“One, patients can take their medications at any time and two, if the phone is out of cellular or Wi-Fi range, the video can still be made and stored in the phone until it encounters a signal,” Garfein said. “Then the video will automatically be uploaded to our secure server.”

For security purposes, if a patient records a video and is out of communication range, it’s stored on the phone until a signal is detected. Once connectivity is established and the video is transmitted, it is deleted off the patient’s phone. In addition, health workers are permitted to stream patient videos off a secure server, but the system doesn’t allow them to download it to their computer.

Smartphones for the new trial period are now being distributed to patients. Verizon awarded the program a $300,000 grant in addition to phones and cloud computing service valued at approximately $2.5 million. The trial will run until Sept. 30, 2014.

Looking Ahead

In the future, Garfein wants to deploy the VDOT system as “widely as possible,” to health departments throughout the United States. He added that the development team is also working with University College London in England on a project to see if VDOT can work with patients that are difficult to track, such as homeless people.

Garfein envisions VDOT having two parts in the future.

“One component would be utilization as a service for health departments in the U.S. and abroad,” he said. “The other would be a research component or components that are [also] designed to see if we can improve adherence to treatment by adding motivators or different types of reminder systems to help the patient to remember to take their pills.”

In addition, Garfein said he’d also like to make the app available for use on personal smartphones. Right now, it’s restricted to just program-provided phones.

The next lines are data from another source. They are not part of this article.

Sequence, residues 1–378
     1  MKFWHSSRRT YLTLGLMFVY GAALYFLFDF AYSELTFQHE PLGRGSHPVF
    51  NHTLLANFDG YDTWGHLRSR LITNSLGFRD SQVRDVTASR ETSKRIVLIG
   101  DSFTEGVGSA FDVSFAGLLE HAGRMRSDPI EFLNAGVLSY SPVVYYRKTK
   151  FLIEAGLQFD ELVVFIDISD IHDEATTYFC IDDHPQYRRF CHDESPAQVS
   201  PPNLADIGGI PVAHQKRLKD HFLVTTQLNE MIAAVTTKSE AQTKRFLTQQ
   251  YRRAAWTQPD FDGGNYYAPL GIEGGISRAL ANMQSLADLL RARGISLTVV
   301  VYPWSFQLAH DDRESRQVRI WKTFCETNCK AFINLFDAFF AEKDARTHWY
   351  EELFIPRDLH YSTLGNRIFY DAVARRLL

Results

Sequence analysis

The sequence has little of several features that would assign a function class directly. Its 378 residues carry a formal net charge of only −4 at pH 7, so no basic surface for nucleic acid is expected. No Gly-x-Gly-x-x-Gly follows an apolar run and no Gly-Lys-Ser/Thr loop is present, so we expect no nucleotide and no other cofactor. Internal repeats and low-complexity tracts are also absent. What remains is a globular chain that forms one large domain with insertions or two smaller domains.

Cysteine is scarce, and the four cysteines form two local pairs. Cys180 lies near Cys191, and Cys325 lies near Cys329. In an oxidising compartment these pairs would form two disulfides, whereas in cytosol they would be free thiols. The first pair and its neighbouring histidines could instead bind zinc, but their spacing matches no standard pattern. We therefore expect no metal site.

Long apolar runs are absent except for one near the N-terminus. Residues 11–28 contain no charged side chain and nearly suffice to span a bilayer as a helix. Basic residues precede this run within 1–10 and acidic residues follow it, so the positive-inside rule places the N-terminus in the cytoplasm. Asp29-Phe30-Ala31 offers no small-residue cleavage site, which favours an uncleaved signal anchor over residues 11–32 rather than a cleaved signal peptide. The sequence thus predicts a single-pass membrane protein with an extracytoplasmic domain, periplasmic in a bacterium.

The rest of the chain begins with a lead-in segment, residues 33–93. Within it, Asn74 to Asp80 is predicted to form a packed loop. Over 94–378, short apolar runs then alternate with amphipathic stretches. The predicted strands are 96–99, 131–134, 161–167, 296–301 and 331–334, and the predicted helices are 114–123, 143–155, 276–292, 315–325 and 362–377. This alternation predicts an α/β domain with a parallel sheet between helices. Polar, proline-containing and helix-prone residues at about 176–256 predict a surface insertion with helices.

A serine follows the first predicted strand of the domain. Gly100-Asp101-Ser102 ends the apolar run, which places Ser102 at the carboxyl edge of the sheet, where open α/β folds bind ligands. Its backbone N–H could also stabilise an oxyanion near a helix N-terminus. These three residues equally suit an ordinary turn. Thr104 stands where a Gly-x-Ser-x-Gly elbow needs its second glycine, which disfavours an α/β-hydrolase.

While the technology may seem like a no-brainer for both patients and county health officials, a number of obstacles had to be overcome — and need to be hurdled in the future as well — for the system to really take root in San Diego County permanently.

Moser explained that some people just aren’t technology-savvy and aren't interested in using technology. In addition, because patients are often required to stay at home in the early stages of treatment, they prefer daily contact with someone.

Another hurdle could be future funding. Garfein is using the current trial to estimate the costs of maintaining the program without grant money. Moser added that as far as she knows, insurance companies aren’t reimbursing for VDOT services. So while the county saves travel and staff time using VDOT, if the IT cost ends up being higher, some decisions will have to be made.

“Certainly health departments will need to decide whether they can finally take on this technology,” Moser said. “Technology has a way of creeping up in cost at times. There’s maintenance, phones, service and we’re just going to have to sort of go down the road and hopefully it will be cost-effective.”

Brian Heaton  |  Senior Writer

Brian Heaton is a senior writer for Government Technology. He primarily covers technology legislation and IT policy issues. Brian started his journalism career in 1998, covering sports and fitness for two trade publications based in Long Island, N.Y. He's also a member of the Professional Bowlers Association, and competes in regional tournaments throughout Northern California and Nevada.